Friday, December 3, 2010

Day Two & Three: "A Date with Killer Shoes"

        I have been busy sewing and cutting and sewing and beading! I must really have my head examined ~ I could have made something from "scratch" I think in less time. But, it is really all about the "Journey", right?

I have finished the skirt - or so I thought. I tried it on and the length was correct, but the waist was now way too big! I really did not want to rip it out and start over. You know that feeling! So, I had to get creative in "fixing" the problem. I finally decided that I would sew a pretty ribbon on top of the waistband as embellishment. Then I threaded a narrow strip of elastic through the ribbon, but only on the back of the skirt's waistband. Voila, it worked ~ & I even added a little bow!
Now for the top of the outfit, I have two jackets, shown below:

                       The beaded one on the left is a gorgeous color and has incredible beading. The entire jacket is lining in a stretch netting (remember this!) The jacket on the right is a silk velvet which also have a matching tea length a-line skirt. My first daring act was to measure down the back of the jacket to where my waist is, measure up 2" and mark this point in the center back. On the side seams I measured  down from the underarm 3". I drew a curve from one of the side points to the center point and then back to the other side. I ripped out the side seams up to each of the side points. Then on a flat surface, I carefully cut along this curved line and removed this portion of the back of the jacket. From the matching velvet skirt I cut out a flounce ~ near the hemline. The resulting flounce was a little wider than my curved cut off piece and about 8" long.  I sewed a stabilizing row of long stitches along the top of the flounce. I pinned this to the back of the jacket. The sides matched the sides of my jacket. The flounce, being wider, I gently gathered it in the center back for a little extra fluff! The only tricky part was getting the side seams and the flounce to miter into each other without a bump. Ah, it worked!~ just as I had envisioned it.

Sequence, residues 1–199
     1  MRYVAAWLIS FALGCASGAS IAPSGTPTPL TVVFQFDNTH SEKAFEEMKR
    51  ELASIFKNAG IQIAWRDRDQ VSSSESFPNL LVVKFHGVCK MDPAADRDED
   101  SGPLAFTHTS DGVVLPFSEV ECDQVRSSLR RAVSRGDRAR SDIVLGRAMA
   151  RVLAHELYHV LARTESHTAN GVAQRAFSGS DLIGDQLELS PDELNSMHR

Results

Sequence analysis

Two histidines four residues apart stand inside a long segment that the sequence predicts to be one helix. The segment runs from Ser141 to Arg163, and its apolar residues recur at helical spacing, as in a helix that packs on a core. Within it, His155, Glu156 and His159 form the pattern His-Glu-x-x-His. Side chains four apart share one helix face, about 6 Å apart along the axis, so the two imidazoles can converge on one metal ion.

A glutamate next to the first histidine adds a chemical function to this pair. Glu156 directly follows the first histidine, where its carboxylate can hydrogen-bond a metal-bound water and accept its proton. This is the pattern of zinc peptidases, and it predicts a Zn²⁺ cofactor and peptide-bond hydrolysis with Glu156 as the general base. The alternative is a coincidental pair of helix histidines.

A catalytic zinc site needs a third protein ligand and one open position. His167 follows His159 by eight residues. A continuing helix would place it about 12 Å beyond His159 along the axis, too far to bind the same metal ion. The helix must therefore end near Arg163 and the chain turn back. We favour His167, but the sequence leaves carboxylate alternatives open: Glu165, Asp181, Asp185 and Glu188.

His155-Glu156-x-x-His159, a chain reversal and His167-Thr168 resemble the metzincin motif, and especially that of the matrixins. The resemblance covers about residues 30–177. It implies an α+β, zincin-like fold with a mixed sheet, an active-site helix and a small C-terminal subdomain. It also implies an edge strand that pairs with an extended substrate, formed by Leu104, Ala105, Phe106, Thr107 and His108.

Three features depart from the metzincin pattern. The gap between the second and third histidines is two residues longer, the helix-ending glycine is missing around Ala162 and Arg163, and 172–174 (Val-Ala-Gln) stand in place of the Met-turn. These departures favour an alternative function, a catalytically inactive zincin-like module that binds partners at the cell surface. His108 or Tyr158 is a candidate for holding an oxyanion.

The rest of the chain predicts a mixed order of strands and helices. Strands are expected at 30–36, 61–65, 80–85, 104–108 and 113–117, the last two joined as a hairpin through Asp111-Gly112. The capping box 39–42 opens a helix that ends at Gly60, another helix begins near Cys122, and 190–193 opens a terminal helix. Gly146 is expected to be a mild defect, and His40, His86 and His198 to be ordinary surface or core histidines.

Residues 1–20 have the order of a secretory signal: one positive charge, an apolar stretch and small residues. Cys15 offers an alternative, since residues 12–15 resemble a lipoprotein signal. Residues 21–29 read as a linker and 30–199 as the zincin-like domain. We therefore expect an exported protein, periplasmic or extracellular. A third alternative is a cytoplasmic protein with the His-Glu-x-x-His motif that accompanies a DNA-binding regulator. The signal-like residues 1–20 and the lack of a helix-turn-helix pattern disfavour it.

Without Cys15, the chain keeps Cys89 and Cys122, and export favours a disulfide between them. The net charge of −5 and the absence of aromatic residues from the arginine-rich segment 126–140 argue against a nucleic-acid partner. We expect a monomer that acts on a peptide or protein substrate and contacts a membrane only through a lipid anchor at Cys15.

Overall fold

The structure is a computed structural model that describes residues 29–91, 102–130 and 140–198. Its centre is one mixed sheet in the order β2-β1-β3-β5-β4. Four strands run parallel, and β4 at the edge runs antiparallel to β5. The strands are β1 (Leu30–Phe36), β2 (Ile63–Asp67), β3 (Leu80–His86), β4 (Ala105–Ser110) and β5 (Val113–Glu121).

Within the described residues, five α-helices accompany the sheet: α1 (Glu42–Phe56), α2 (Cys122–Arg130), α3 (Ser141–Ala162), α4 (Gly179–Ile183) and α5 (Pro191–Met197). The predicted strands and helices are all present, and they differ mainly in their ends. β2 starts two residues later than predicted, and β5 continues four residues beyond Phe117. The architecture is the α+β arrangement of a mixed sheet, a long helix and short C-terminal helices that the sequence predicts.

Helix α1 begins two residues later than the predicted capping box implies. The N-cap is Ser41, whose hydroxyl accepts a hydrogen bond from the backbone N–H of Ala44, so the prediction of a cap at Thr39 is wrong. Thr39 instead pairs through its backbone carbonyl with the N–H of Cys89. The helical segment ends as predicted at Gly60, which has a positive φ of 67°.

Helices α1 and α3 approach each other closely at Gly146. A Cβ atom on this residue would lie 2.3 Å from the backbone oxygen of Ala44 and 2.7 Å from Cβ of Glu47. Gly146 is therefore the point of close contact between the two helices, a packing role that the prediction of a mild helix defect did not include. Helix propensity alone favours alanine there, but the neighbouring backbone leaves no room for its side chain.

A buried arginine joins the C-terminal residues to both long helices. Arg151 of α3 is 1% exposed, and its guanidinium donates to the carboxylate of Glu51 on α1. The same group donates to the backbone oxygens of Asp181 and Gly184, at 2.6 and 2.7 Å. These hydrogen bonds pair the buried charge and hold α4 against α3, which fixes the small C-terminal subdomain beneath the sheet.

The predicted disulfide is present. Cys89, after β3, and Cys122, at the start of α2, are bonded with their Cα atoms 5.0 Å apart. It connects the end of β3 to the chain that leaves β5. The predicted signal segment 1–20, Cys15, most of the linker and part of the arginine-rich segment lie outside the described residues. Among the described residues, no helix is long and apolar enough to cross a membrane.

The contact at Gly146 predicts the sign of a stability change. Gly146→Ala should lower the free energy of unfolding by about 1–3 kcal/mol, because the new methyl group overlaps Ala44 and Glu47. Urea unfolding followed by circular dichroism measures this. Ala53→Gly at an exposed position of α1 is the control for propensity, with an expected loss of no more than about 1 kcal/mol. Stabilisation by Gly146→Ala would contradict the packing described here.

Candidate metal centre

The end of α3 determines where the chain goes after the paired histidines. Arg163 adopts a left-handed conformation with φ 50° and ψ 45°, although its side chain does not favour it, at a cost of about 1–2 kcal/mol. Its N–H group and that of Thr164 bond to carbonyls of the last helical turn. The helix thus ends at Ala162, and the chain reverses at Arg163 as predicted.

My second daring act was to cut into the beaded jacket. I cut along the straight beaded sections in the center front up about half way up and then started rough cutting around some of the heavier beaded motifs. I pinned this section to the front of my new jacket and sat through several inane police dramas as I hand stitched all of this beading to my jacket. It was very labor intensive and required really good lighting and very sharp embroidery scissors to trim between the motifs  but so worth it. It looks great. 
                   Now for a hem . . .  I was stumped. I did not want a regular hem. It had to be soft and elegant. So, I started cutting long strips from the stretch netting left over from the lining of the beaded jacket. They were about 3-4" wide. I folded them in half lengthwise and finger pressed them. I ran a gathering stitch along each near the cut edges. I ended up with four of them. I gathered them softly and pinned these to the bottom edge of the jacket ~ overlapping the raw edges when I needed to add another strip. Wow, it was looking good. I sewed my ruffle to the jacket, but, of course it still needed something!
I told you that I should have my head examined. Whenever I design for myself it always becomes far more complicated and time consuming than first estimated. This is why I am so conscious of ease of design and simplicity of construction when I choose to design a kit for the store.  Ah, why can I not keep this in mind ALL the time! So . . .  I decided to do some beading all along the hem right above the ruffle.
 So, the jacket is done. The skirt is done. But what am I going to wear underneath the jacket??? Hmmm . . . I have a couple of ideas and this requires a trip to my closet 
 and another adventure in my sewing room!
I have to have this ready to wear in about 6 hours, so I will post tomorrow what the "camisole" will be.

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